“Stupid ass sign,” and “bozo,” were just a couple of the many other demeaning comments in a recent video by comedian, Vivian Lawrence, to homeless man, Ted Williams, and Doral Chenoweth III, who helped him (along with Dr. Phil).
She also implied that Ted would be a good candidate for denture and depends ads—supposedly something he’d be perfect for...
Apparently she was angry because of having a hard time getting work, having had such a long career (around 40 years), only to watch people such as this homeless man (in addition to other’s she’s angry about), rise to fame without having worked hard for it.
Ok, this is a valid point—working hard and not getting the work you feel you deserve for your efforts. But why demean others for getting breaks? Did she never catch a break in her some 40 years of show biz…? That’s highly doubtful.
It’s not uncommon to resent those that get everything for nothing. But Ted has nothing other the opportunity to work for what he wants.
It’s the chance Ted’s being given...the rest is up to him. He has to do the work—he’s going to have to stay sober, face his demons, and learn how to cope with challenges in healthier ways… No small feat!
And trying to overcome your adversities in front of the world may create a celebrity-like image and provide some opportunities, but it creates a ton of stress too, that he may or may not be able to handle. He’s going to have to work for it, and harder than many of us do.
Not everyone can cope with stress. Some people haven’t developed the skills to deal with even day-to-day challenges. They can’t handle some of the basic demands that most of us face.
So, Ted’s not out of the woods—not by a long shot. He still has to learn how to manage life, which is something he’s never learned to handle successfully.
He wasn’t able to handle his challenges in the past. But he’s been given an opportunity to learn the tools to cope with stressors he’ll be facing in his attempt at a normal life.
Being in the spotlight doesn’t make you a success. He can fall on his face just as fast as he got noticed, which may happen. But he deserves the chance, just like someone probably gave Vicki, along the way, when she started out doing what she wanted with her life.
This arrogant top-dog-bottom-dog attitude (I deserve this more than you), is what contributes to the anti-system behavior that people on the streets turn to… Who wants to be exposed to a society that demeans you and mocks the idea of you having a chance in life?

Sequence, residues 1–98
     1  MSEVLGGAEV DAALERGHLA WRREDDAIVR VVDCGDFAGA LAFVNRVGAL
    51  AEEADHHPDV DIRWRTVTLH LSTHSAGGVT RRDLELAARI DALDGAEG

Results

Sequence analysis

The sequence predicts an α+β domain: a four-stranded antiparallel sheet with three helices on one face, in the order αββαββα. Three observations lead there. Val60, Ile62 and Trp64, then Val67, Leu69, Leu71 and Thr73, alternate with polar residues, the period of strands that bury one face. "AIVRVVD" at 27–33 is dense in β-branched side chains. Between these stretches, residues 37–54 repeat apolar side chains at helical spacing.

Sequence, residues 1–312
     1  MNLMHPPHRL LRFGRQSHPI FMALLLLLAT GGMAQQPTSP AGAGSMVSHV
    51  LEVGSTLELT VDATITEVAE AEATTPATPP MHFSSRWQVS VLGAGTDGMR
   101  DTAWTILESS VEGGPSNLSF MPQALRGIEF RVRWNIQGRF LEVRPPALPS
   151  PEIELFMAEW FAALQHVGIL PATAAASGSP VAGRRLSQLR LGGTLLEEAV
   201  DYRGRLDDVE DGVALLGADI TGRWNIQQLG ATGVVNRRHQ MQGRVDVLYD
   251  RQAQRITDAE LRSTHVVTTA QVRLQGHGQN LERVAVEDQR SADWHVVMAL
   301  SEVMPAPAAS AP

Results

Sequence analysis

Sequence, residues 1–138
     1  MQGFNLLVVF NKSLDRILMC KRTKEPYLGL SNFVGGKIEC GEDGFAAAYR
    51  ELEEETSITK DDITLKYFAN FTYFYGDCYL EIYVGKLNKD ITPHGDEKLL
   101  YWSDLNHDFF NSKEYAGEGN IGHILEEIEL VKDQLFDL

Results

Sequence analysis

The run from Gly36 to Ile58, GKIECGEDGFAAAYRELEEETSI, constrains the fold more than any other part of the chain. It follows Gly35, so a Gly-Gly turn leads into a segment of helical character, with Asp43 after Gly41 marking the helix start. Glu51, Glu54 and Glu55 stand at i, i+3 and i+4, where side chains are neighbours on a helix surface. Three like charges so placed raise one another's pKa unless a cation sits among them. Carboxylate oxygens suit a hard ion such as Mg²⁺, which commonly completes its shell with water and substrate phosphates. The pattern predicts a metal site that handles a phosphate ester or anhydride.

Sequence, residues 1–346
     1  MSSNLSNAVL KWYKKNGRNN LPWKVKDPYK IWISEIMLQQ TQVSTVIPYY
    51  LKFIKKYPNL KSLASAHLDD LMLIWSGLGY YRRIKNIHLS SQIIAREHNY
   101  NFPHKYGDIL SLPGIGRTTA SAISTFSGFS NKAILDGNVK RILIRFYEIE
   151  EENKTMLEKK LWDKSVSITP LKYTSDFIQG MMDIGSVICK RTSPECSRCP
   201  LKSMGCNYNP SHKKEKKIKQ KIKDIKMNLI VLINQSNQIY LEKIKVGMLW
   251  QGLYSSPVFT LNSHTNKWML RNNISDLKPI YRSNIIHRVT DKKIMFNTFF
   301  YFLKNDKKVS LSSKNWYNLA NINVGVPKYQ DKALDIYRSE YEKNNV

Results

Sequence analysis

An interesting twist to this story is that Ted wasn’t holding a sign up for money (which we commonly see), he was asking for a job—he wants to work. And he got lucky when his interview with a reporter was posted online—he got jobs.
There’s a problem if we’re getting angry because someone who desperately needed a chance was given it. How is it bad to take a chance on someone who desperately needs it?
It’s a different story if it’s someone with a sense of entitlement, who expects everything to happen for them, without making any effort to acquire it.
But Ted has an incredible uphill battle to climb before he gets anything—he’s going to have to fight hard for his life—and he’s willing to try.
Regardless of the media bandwagon and show ratings, an opportunity was given to someone who needed it, and is appreciative of it.
He’s grateful for it, referring to it as a “blessing.” Maybe Vivian needs to learn a little more about appreciating, rather than criticizing the bits of roles she’s getting. Maybe it’s her attitude that’s sabotaging her opportunities, rather than others getting them.
So, what’s the greater issue here? Do we get angry because the media propels someone from dire circumstances toward a chance at a better life? Or do we root for Ted, and hope that he makes it? I know who I’m rooting for…!
Ted wants the help, and wants to do what he can to get better, so he can have a better life. He may make it, or not… But the issue is that someone who wanted, desperately needed, and is working for a chance was given it.
For more about Ted's story:
The Dr. Phil Show, “From Homeless to Hollywood”